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ING Biennial Report 2004-2005

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Introduction

Dr. René Rutten, director of ING [ JPEG | TIFF ].

Welcome to the biennial report of the Isaac Newton Group of Telescopes for the years 2004 and 2005. The dynamics and excitement of astronomy have certainly been felt at the observatory during the last two years. As you can read in this report many scientific highlights passed the scene and important technical advances were made. This report provides an overview of the main events and summarizes the financial status and scientific output of the telescopes. The successes and achievements over the period covered by this report have only been possible thanks to the continued quality efforts of ING staff, who have shown a high level of commitment and professionalism through uncertain and sometimes difficult times.

It is now some thirty years ago that La Palma was being explored as a potential location for a new observatory in the Northern hemisphere. That choice has most certainly paid off in scientific terms. The site testing equipment in those days was not so sophisticated to today’s standards and the circumstances under which the work was conducted were rather primitive. The pictures below (courtesy of site tester Thomas Gough) give an impression of the situation. Although the observatory is now well established, characterization of the observing site continues and is even stepping up pace with the advent of adaptive optics, the construction of very large telescopes such as the 10m GTC, and the possibility of construction of a future Extremely Large Telescope. In the early days analysis of star trails and of sparse meteorological measurements were the basis for initiating the observatory; now we possess an arsenal of additional tool such as DIMM, MASS, SLODAR, and remote sensing to help us decide on the quality of the atmosphere. But what remains the same is the finding that La Palma is one of the very best observing sites in the World.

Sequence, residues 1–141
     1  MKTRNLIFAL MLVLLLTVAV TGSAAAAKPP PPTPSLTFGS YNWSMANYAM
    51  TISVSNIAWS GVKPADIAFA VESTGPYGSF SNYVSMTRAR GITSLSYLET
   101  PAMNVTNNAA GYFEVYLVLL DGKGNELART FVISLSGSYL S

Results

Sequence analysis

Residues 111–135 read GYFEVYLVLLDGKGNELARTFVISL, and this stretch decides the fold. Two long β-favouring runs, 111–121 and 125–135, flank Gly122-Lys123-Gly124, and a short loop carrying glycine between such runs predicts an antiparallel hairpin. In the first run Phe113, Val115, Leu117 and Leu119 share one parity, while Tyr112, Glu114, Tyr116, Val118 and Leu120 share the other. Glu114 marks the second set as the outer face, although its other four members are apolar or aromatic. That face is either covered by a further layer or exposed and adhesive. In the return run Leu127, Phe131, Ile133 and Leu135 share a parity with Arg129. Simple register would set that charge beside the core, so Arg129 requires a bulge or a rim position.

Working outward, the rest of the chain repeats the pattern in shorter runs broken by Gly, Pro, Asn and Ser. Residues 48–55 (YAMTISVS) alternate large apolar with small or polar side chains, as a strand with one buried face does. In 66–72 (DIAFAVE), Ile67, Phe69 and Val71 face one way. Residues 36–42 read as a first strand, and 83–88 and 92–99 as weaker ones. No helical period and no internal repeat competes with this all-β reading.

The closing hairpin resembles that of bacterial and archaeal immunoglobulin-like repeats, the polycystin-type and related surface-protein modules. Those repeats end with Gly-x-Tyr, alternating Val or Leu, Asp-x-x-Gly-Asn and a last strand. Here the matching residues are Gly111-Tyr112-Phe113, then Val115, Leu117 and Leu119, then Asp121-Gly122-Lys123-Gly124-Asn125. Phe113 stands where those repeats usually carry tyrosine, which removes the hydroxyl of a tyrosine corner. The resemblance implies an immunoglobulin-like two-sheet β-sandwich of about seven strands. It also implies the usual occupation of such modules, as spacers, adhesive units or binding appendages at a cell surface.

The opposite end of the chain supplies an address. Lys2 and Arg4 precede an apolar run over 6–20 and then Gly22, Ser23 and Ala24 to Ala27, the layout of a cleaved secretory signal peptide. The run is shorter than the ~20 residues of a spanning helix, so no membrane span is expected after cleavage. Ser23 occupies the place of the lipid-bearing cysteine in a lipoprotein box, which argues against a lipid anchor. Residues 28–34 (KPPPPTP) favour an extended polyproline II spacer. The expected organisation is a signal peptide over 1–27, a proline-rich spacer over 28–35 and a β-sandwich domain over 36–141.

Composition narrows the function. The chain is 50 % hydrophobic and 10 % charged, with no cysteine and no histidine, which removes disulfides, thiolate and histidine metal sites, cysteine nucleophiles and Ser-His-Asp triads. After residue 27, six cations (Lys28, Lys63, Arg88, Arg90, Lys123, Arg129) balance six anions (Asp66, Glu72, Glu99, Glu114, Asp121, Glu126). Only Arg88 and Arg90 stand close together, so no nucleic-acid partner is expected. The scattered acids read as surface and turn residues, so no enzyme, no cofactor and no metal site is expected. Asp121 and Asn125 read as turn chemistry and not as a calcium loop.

The reporting years saw also intense activity on growing European collaboration between observatories in which ING was strongly involved. Under the umbrella of OPTICON a large programme to promote trans-national access to telescopes was initiated. The demand for observing programmes for the ING telescopes was so large that limits had to be imposed to prevent the scheme from running out of resources. European collaboration, not only for the construction of future large facilities, but also for existing observatories will be beneficial to European astronomy at large. ING hopes to play a key role in this as well.


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